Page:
- Origin and evolution of the Solar System and other planetary systems.
- Origin and evolution of stars.
- Origin and evolution of galaxies.
- The evolution of the Universe, i.e., cosmology, using the general theory of relativity.
- Cosmological models.
- Solar systems tests of general relativity.
- Gravity as a result of space-time curvature.
- The properties of compact objects, such as white dwarfs, neutron stars, and black holes.
- Gravitational waves and Hawking radiation.
- Impacts of dark matter and dark energy on our understanding of the universe.
- Understand how to take data with increasingly sophisticated equipment in introductory, intermediate, and advanced physics laboratories.
- Be able to take data with a research-grade telescope and a CCD imaging system.
- Understand how to identify and quantify experimental errors, perform statistical error analysis, and quantify measurement confidence.
- Be able to design and create experiments to measure physical/astrophysical phenomena.
- Be able to synthesize an appropriate conclusion from a physics experiment or an astrophysical observation.
- Be able to apply mathematical tools such as elementary probability theory, algebra, geometry, trigonometry, differential and integral calculus, vector calculus, ordinary differential equations, partial differential equations and linear algebra, quantum theory and differential geometry to solve physics and astronomy problems.
- Become proficient in a computing language such as MATLAB, Mathematica, or Python.
- Be able to write code in a computing language in order to explain or predict the behavior of a complex physical system.
Students will develop problem-solving capacities.
- Ascertain the known and unknown aspects of a problem.
- Describe the fundamental physical principles of the problem.
- Articulate a pathway toward solving the problem.
- Successfully follow the path and solve the problem.
- Identify and understand the physics/astrophysics literature as it relates to specific problems.
- Clearly communicate and defend their work in verbal, written, and visual formats to scientific and non-scientific audiences.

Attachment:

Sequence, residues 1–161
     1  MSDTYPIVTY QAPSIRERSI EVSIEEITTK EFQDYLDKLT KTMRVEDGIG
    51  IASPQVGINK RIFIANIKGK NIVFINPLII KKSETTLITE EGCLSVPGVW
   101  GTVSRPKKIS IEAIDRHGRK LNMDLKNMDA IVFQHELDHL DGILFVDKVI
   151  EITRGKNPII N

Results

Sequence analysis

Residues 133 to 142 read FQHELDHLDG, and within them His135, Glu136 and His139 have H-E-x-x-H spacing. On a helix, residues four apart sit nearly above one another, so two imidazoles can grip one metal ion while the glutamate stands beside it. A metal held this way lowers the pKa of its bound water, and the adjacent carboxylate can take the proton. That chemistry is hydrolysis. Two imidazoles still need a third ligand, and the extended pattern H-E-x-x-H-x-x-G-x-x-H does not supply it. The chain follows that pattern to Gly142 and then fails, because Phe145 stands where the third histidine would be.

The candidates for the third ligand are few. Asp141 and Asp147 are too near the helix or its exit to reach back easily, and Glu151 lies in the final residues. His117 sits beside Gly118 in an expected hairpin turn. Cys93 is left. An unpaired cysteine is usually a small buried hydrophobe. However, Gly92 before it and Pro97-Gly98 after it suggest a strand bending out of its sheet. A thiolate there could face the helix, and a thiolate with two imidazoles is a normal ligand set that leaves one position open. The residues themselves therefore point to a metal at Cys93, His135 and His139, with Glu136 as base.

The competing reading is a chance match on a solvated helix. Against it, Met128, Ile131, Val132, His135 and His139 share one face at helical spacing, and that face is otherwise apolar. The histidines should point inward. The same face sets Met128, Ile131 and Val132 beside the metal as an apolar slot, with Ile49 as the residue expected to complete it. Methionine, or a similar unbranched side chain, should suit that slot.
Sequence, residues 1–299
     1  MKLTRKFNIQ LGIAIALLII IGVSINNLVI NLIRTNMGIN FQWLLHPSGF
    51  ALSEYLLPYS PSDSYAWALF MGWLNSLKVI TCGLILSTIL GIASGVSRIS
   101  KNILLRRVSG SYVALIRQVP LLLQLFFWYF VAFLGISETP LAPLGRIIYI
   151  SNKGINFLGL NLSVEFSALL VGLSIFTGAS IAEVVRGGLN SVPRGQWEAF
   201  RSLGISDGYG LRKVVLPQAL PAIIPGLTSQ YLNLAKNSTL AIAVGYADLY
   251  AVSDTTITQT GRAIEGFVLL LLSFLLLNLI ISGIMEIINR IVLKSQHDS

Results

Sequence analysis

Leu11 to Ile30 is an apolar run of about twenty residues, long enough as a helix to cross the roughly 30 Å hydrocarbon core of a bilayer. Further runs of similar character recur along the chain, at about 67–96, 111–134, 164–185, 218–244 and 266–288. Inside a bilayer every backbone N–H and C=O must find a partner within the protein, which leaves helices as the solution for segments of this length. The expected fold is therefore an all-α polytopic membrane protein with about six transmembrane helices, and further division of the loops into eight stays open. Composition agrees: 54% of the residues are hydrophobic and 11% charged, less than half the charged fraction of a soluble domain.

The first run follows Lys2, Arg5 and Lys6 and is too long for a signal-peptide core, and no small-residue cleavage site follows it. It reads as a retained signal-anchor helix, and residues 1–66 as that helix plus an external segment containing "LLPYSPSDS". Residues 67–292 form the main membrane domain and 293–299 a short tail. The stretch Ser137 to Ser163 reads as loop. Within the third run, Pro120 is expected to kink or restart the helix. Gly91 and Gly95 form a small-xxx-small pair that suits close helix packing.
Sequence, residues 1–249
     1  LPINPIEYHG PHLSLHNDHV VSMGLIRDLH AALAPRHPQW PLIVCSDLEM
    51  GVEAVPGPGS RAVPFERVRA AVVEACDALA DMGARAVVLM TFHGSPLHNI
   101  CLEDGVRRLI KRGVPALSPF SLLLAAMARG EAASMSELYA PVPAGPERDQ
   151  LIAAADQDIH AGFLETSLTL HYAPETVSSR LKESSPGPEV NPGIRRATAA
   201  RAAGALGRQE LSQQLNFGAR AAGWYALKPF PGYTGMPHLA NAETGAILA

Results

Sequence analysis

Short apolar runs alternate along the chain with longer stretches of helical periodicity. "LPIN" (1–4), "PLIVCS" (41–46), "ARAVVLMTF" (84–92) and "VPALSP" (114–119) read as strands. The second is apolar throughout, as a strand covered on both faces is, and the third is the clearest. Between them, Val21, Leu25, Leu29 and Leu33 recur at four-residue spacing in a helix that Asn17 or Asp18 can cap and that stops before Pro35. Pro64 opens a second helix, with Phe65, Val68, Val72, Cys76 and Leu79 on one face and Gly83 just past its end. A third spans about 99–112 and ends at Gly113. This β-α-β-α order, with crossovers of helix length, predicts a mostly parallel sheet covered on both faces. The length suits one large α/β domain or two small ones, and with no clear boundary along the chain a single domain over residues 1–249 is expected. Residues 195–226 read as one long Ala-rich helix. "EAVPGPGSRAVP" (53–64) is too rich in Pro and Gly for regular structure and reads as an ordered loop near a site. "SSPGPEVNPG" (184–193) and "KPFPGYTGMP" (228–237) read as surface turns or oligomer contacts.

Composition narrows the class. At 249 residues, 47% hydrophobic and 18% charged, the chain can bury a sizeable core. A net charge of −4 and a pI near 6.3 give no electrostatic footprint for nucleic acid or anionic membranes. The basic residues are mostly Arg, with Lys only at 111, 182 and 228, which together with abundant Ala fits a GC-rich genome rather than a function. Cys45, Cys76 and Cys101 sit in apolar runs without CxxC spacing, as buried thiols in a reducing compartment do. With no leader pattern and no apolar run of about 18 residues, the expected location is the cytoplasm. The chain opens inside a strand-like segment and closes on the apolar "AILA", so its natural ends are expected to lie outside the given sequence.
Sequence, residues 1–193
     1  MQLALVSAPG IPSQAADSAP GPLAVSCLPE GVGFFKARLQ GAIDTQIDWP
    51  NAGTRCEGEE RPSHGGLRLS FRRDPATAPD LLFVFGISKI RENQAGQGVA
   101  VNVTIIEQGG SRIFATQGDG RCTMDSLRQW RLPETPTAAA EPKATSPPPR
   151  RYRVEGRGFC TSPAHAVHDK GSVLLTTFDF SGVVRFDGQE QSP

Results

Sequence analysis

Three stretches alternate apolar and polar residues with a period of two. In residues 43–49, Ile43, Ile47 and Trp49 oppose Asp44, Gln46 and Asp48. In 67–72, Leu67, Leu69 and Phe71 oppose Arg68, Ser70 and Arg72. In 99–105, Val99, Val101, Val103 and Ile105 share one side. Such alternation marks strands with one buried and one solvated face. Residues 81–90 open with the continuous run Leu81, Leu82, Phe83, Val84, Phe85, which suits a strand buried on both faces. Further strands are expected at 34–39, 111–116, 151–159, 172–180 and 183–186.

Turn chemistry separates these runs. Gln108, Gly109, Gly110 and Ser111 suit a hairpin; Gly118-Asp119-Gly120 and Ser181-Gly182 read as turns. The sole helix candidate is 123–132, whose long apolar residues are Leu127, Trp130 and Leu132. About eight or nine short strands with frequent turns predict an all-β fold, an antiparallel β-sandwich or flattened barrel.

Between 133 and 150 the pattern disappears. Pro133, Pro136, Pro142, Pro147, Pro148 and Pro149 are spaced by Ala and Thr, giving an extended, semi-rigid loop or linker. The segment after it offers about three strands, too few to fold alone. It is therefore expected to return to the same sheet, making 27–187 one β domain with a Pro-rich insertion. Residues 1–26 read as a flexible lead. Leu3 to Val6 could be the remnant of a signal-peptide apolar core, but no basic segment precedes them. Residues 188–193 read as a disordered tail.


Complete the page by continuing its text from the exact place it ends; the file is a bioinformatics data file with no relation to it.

- Learn scientific writing best practices, including:
- Structure and format a scientific article.
- Properly cite and acknowledge prior work.
- Create effective figures.
- Present experimental data.
- Use scientific word processing software such as LaTeX.
This major requires 72 - 74 units.
Take the following 72 - 74 units:
- AST 280, AST 391, AST 401, AST 401L (10 units)
- Select one from the following (3 units):
- MAT 136, MAT 137, MAT 238, MAT 239 (15 units)
- Select one from the following (4 - 5 units)*:
- Select one of the following options (4 - 5 units)*:
- PHY 263, PHY 264, PHY 265, PHY 301, PHY 321, PHY 331, PHY 332, PHY 361, PHY 441, PHY 471 (30 units)
- Select one of the following which meet the junior-level writing requirement (3 units):
- PHY 498C which meets the senior capstone requirement (3 units)
Students enrolled in this plan may not enroll in or pursue the following due to the number of overlapping units:
- Physics, BS
Additional coursework is required if, after you have met the previously described requirements, you have not yet completed a total of 120 units of credit.
You may take these remaining courses from any of the academic areas, using these courses to pursue your specific interests and goals. You may also use prerequisites or transfer credits as electives if they weren't used to meet major, minor, or liberal studies requirements.
We encourage you to consult with your advisor to select the courses that will be most advantageous to you.
Please note that you may not count more than one grade of "D" in a physics or astronomy course toward the major requirements for this degree.
Be aware that some courses may have prerequisites that you must also successfully complete. For prerequisite information, click on the course or see your advisor.